The few GOP supporters of the bill were far outnumbered by Republicans who said withdrawal would be disastrous.

"I think my colleagues know that I'm very uncomfortable spending taxpayer dollars without a solid justification, and I match my fiscal conservative credentials with anybody in this body," said Rep. Steve Chabot, R-Ohio. "But when it comes to national security and when it comes to the care and protection of our troops in harm's way, we must not be … penny wise and pound foolish."


Filed under: Afghanistan • Congress
soundoff (12 Responses)
  1. Mah

    Afghanistan is not a national security issue, at least not to the extent that we're funding it to be so.

    March 17, 2011 07:18 pm at 7:18 pm |
  2. Proud member of "Global Zero"

    I am ready to bring them home but, I guess we have to wait for July. ENOUGH WARS.

    March 17, 2011 07:19 pm at 7:19 pm |
  3. one voice

    The GOP want NEVER ENDING WARS so that they can continue to get KICKBACKS from the Industrial Complex through Their NO BID CONTRACTS.

    March 17, 2011 07:27 pm at 7:27 pm |
  4. w l jones

    People are people all over the world If we leave on a good will note why not leave with good felling on both side.

    March 17, 2011 07:40 pm at 7:40 pm |
  5. Tom

    You want answers as to why these were "skipped" by fiscally conservative Republicans, here are some. Lockheed-Martin, Raytheon, United Technologies, Northrup Grumman, Boeing...The only voices the Republicans really listen to.

    March 17, 2011 07:54 pm at 7:54 pm |
  6. David Sims

    Definitely we should win the war and come back home.
    I really don't want another 9-11 attack. We better lose 500 troops killing all the terrorists.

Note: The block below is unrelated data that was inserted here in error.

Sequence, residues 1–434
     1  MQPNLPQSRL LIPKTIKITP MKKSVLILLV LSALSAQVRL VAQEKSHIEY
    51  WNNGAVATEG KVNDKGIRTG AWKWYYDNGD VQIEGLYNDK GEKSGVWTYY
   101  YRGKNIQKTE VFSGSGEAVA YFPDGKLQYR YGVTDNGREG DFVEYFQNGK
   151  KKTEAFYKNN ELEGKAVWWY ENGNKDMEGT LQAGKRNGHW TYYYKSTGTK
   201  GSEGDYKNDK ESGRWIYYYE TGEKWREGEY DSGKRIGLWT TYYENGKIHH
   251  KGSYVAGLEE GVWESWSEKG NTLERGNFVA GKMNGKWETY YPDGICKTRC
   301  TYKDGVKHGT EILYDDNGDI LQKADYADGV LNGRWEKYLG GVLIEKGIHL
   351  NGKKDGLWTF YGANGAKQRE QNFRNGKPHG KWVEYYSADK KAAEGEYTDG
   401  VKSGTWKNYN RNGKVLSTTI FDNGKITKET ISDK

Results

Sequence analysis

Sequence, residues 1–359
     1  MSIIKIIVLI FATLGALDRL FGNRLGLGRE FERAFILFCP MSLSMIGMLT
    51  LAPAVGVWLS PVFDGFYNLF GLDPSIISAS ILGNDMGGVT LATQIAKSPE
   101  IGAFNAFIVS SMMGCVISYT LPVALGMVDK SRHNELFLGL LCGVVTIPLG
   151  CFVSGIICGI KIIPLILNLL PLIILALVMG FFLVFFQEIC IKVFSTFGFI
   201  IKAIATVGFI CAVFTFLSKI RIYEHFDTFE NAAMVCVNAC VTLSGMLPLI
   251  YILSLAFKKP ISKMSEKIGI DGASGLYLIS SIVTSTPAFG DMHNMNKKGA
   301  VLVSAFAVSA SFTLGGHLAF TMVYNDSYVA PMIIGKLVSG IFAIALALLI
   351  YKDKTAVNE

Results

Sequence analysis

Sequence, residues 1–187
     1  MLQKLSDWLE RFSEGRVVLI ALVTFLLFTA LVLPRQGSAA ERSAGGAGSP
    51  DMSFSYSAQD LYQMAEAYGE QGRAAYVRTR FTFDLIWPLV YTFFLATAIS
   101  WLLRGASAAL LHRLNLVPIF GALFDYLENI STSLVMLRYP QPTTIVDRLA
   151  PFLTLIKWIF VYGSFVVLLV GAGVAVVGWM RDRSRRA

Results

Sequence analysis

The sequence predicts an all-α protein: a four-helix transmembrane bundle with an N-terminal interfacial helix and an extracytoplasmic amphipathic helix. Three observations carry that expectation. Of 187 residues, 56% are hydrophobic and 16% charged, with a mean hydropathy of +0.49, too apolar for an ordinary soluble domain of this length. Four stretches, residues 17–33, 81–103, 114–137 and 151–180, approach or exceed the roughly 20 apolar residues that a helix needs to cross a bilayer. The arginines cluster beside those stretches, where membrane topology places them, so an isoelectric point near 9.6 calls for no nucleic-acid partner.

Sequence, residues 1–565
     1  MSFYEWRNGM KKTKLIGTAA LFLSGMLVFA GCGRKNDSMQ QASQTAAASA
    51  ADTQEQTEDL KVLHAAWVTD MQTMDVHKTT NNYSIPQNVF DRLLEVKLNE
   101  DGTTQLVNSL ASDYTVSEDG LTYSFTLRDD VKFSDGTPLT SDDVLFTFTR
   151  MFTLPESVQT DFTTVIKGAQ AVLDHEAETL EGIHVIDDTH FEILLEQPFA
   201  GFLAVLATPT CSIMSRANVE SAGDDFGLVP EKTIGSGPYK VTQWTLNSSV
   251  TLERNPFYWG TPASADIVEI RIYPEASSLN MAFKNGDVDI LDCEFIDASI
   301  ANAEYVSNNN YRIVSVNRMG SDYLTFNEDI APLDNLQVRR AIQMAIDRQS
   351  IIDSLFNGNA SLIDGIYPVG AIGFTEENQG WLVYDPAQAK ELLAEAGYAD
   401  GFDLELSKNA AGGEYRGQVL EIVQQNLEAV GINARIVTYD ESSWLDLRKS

If we just come back, another 9-11 attack will kill 50,000 in just one day. so we better come back when the job is 100% DONE !!!

    P.S: USA should be really worried about Pakistan and Iran, those are the 2 main countries who are sending terrorists into Afghanistan. All terrorists are Trained in Pakistan and Iran. i don't think a single Terrorist is trained in Afghanistan. 60% terrorists are trained in pakistan and 40% in Iran.

    March 17, 2011 08:07 pm at 8:07 pm |
  7. DorisV

    Good to hear that some republicans see the error of the continuance of this war in Afghanistan. We will never get a "victory" in this area. This will be Obama's Vietnam. Sure hope Obama gets the message that most Americans are sick of wasting our money and the lives of our men and women in this backward country.

    March 17, 2011 08:15 pm at 8:15 pm |
  8. Mike

    And General Petraus, When the U.S.pulls a Russia over the war in Afghanistan and Iraq what do you think Al Qaida and the Taliban will see it as?

    March 17, 2011 08:30 pm at 8:30 pm |
  9. EddyL

    No surpirise.... GOP makes a lot of money for rich Americans from WARS

    March 17, 2011 08:30 pm at 8:30 pm |
  10. Nick84

    How long should we hang around? Ten more years? Quarter of a century? If we haven't 'won' it yet, we ain't gonna!

    March 17, 2011 08:31 pm at 8:31 pm |
  11. 4merRepubCT

    Yep, rebuild Afghanistan, tear down U.S. middle class.......makes sense in that Republicany-twilight zone sorta way.

    March 17, 2011 08:32 pm at 8:32 pm |
  12. valwayne@aol.com

    This vote shows that when the good of the nation is at stake Obama can count on solid Republican support. Indeed, the Republicans supported Obama far more strongly than his own party. Democrats can always be counted on to spend more money, raise taxes, and vote against the military and the security of the nation, even when its their own President asking for their support!!!!

    March 17, 2011 08:48 pm at 8:48 pm |